The Monarch Monitoring Project is a long-term study on monarch migration through Cape May, NJ. It is a part of the New Jersey Audubon Research Department, and closely affiliated with the Cape May Bird Observatory.

Wednesday, September 7, 2011

The 2011 Monarch Season has Begun!

Hello! and Welcome to the Monarch Monitoring Project's new blog site! We are all excited for the upcoming monarch migration, and looking forward to keeping you updated on current happenings with monarchs!

First off, I'd like to introduce myself and Tori; We are the newest additions to the Monarch Team. Tori is the new MMP Intern and I am the MMP Technician, and yes! There are TWO of us this year! So THANK YOU to all who have contributed to the Monarch Project, so that both Tori and I can be here in beautiful Cape May!

Tori releasing a monarch

Tori and I arrived last Tuesday, August 30. We wasted no time and started tagging Monarchs on Wednesday!  We tagged a total of 9 and now we are pros! (well, we are getting there).  Having never tagged a Monarch before, I was super curious about the process.  I learned how to catch,  measure the forewing and hindwing, and apply the pencil eraser-sized sticker-tag on the underside of the forewing!  Fortunately for me, the monarch plays "don't eat me!" and  sits there calmly so that I can tag this precious insect with ease!

First Tagged Monarch of the 2011 Season!

Other adventures of the week have included dead-heading the town's Buddleia butterfly bushes, practicing monarch catching with the butterfly net, learning the route for monarch counting, and meeting all of YOU who live and vacation in Cape May!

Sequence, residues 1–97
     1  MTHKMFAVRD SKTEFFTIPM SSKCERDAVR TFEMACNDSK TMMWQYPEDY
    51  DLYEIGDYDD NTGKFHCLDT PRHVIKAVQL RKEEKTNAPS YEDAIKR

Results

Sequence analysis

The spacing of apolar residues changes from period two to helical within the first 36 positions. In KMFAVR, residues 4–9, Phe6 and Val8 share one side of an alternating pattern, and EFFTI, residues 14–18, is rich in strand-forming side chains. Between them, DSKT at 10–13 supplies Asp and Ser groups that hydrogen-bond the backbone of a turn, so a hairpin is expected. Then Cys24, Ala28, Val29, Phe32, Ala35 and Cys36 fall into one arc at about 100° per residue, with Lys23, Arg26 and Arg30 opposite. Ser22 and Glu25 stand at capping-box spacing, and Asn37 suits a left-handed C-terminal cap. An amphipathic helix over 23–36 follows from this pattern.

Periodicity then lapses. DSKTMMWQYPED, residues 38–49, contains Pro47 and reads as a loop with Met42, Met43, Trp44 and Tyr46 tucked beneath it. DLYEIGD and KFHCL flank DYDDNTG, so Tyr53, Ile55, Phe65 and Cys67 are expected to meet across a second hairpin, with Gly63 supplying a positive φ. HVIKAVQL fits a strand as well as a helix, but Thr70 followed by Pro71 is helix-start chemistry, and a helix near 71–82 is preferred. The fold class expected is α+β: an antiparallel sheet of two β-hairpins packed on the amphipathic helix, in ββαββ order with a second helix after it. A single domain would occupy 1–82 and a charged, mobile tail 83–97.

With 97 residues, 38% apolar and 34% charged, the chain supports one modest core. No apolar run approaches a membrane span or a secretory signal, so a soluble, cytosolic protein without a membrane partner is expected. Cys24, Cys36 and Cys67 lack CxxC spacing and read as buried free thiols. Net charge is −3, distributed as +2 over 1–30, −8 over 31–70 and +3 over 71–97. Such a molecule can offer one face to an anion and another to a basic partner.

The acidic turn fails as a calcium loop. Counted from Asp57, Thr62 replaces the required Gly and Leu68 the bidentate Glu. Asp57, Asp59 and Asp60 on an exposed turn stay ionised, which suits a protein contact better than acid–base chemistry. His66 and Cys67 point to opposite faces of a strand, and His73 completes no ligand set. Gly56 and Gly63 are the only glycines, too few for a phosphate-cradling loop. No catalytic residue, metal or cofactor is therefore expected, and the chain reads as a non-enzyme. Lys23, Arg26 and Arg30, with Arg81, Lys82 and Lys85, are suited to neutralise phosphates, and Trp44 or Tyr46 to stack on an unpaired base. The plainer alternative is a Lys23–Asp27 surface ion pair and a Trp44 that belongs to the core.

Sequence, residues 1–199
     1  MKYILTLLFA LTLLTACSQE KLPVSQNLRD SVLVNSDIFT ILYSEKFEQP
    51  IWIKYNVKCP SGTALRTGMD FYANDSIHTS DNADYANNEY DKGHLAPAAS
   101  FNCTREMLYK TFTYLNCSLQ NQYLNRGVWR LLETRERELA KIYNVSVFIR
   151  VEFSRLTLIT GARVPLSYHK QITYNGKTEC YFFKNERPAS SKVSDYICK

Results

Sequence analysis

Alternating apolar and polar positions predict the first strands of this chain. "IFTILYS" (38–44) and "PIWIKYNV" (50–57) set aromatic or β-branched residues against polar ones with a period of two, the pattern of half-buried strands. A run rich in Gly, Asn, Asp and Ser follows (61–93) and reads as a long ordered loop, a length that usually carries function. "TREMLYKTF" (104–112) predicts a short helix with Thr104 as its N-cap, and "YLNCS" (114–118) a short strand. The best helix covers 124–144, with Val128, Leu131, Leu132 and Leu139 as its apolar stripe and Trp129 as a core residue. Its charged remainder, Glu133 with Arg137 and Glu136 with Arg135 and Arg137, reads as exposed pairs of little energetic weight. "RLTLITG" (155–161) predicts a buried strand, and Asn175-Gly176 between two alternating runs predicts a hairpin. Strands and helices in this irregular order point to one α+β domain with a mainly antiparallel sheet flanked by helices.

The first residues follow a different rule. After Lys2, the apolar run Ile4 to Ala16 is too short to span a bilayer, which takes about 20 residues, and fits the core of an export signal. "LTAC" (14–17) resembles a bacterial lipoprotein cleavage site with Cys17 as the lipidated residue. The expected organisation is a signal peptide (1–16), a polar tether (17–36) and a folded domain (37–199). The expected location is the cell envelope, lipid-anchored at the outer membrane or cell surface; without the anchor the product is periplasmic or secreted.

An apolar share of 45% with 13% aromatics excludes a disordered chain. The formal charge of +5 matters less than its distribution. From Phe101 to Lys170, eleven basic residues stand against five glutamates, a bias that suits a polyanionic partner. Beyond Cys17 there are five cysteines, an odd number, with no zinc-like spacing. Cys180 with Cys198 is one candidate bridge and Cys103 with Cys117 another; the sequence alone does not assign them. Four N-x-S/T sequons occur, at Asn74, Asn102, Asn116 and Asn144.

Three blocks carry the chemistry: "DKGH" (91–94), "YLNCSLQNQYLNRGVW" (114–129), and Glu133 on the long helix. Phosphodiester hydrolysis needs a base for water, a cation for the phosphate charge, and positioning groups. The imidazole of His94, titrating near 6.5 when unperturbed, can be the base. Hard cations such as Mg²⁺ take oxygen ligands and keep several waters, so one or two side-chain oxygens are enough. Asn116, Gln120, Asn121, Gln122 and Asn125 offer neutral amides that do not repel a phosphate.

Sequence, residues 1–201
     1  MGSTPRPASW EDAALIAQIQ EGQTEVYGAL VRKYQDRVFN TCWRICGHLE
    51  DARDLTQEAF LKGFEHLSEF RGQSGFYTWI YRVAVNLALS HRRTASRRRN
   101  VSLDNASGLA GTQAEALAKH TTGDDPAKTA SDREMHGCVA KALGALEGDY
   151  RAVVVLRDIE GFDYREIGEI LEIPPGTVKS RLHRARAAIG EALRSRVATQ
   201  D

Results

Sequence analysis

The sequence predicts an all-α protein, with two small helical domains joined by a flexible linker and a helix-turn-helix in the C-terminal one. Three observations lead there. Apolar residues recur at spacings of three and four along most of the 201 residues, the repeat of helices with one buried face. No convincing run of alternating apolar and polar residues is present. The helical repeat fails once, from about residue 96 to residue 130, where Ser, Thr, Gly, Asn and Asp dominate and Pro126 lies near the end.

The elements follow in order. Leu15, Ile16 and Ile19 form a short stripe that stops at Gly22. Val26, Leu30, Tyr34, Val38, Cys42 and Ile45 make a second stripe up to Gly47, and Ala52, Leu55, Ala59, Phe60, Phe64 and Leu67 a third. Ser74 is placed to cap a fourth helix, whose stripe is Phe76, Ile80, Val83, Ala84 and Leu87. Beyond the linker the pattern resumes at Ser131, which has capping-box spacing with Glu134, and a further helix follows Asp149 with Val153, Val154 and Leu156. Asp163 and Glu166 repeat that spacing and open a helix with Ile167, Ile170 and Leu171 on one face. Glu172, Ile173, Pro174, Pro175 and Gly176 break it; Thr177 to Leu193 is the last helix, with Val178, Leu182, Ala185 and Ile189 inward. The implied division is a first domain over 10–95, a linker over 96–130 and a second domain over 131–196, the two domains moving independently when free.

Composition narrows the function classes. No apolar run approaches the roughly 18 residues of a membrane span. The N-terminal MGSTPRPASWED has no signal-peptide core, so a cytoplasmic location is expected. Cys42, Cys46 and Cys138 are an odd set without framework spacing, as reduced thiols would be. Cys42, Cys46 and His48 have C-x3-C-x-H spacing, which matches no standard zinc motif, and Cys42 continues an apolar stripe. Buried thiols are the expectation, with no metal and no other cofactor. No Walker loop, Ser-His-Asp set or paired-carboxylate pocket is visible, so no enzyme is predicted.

One thing that you may experience Tori and I doing, is driving really slow to conduct Monarch counts. We drive a five mile stretch of road that starts at the Higbee's Beach parking lot, heads south, and follows the route past the lighthouse and around the coast. So if you see a car driving really slow with its flashers on, it could be Tori or I; or it could be a car breaking down, or it could be BOTH! With that, please allow me to introduce you to my car: Jewel.  Jewel is my emerald-colored 1993 Honda Civic EX.  She just loves to travel and we have driven from the the East Coast to the West Coast and back! At 216,000 miles she has seen better days, but she's an amazing little car, and you'll see her around town- so wave!
Jewel in Cape May!
Jewel in Montreal

You'll see Jewel and I doing most of the monarch counts, but also keep your eyes out for Tori's 1998 Dark Green Lexus roaming the monarch roosts, and for many others who volunteer their time when neither Tori nor I are available.

And finally, after a fun-filled week of living the monarch migration life, I present to you our summary for the week of the monarch census!  We started off strong early in the week, but the winds and weather have changed much, which fared bad for monarchs! (And birds.)

  •   Week 1 total for monarchs is 8.63 Danaus plexippus per hour (dpph)

Second instar monarch caterpillar
Also, feel free to drop by the Cape May Bird Observatory's Northwood Center to take a look at our Monarch tank! We've got milkweed in a vivarium littered with monarch caterpillars munching away! Check out CMBOs Facebook page to see a video of the hungry little caterpillars!

Please let us know what you would like to read about on our blog! We'll be updating this blog weekly  now through October. We welcome and look forward to your suggestions, comments, and Monarch sightings!  Tori and I will be blogging about other things too, like the Milkweed community and other insects around Cape May.

For now, this is Rebecca Allmond of Team Monarch, signing off!  
Have a great day and let's have a great Monarch season!

MMP Field Technician 2011

1 comment:

  1. Congratulations on the start of the season! I am so excited for you all and look forward to meeting you when I finally get to escape to Cape May in October. C'mon monarchs!!